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1.1. The Big Picture

The first few releases of Microsoft Windows in the early 1980s were little more than clunky graphical application launchers that ran on top of the Disk Operating System (DOS) (see Chapter 6 for details). Version 3.x, released in the late 1980's, gained popularity due to its improved interface (awful by today's standards, though) and ability to access all of a computer's memory. Being based on DOS, however, it was not terribly stable, crashed frequently, and had very limited support for networking and no support for multiple user accounts.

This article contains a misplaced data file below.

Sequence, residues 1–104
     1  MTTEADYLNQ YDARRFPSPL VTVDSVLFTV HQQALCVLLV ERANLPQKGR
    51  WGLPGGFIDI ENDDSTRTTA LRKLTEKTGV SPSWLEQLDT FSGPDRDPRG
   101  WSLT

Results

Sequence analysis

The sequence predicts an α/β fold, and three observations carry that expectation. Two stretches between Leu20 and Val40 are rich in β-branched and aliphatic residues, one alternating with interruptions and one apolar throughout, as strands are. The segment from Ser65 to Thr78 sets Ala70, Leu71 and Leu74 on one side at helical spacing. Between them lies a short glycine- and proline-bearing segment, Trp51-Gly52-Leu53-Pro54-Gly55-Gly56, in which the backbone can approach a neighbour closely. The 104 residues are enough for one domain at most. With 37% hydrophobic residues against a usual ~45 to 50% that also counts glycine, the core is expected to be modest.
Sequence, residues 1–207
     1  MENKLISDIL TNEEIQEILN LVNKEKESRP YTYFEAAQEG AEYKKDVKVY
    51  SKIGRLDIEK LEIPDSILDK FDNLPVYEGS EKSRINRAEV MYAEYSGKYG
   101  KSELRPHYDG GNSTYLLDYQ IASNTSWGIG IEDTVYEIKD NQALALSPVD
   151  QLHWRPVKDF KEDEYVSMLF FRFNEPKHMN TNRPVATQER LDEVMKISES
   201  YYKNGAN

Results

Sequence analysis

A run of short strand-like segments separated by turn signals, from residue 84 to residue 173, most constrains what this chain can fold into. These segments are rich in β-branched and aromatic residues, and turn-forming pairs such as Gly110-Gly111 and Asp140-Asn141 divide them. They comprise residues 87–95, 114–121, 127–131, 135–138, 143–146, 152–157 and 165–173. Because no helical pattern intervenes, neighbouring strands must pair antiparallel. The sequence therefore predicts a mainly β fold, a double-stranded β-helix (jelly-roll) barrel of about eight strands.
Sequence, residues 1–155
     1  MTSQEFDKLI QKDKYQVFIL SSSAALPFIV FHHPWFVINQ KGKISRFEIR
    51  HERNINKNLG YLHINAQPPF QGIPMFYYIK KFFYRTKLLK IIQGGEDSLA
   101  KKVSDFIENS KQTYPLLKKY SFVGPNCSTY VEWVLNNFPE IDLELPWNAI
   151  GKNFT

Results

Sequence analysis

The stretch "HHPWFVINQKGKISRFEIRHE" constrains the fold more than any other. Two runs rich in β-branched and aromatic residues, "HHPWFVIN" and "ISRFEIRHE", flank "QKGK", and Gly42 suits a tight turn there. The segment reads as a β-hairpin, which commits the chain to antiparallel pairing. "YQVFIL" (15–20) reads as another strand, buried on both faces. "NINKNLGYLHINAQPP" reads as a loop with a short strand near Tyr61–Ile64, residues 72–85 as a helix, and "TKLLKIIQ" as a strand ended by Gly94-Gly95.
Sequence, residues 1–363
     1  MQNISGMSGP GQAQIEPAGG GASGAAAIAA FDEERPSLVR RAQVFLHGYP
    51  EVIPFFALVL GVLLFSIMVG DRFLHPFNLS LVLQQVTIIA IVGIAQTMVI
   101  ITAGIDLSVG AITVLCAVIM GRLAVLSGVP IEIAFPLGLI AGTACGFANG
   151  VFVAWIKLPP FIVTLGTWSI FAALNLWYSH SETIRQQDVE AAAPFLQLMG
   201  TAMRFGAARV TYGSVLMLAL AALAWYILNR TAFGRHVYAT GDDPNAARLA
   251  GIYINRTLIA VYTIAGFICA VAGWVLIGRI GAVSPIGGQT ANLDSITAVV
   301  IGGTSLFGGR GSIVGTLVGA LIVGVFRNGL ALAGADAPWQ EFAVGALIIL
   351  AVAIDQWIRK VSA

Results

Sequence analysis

Soon thereafter, Windows NT 3.0 ("NT" for New Technology) was released. Although it shared the same interface as Windows 3.0, it was based on a more robust and secure kernel, the underlying code upon which the interface and all of the applications run. Among other things, it didn't rely on DOS and was capable of running32-bit applications (Windows 3.0 could only run more feeble 16-bit applications).[1] Unfortunately, it was a white elephant of sorts, enjoying limited commercial appeal due to its stiff hardware requirements and scant industry support.

[1] A bit, or binary digit, is the smallest unit of information storage, capable of holding either a zero or a one. 32-bit operating systems like Windows NT and Windows 95 were capable of addressing memory in 32-bit (4 byte) chunks, which made them more efficient and powerful than a 16-bit OS like Windows 3.x.


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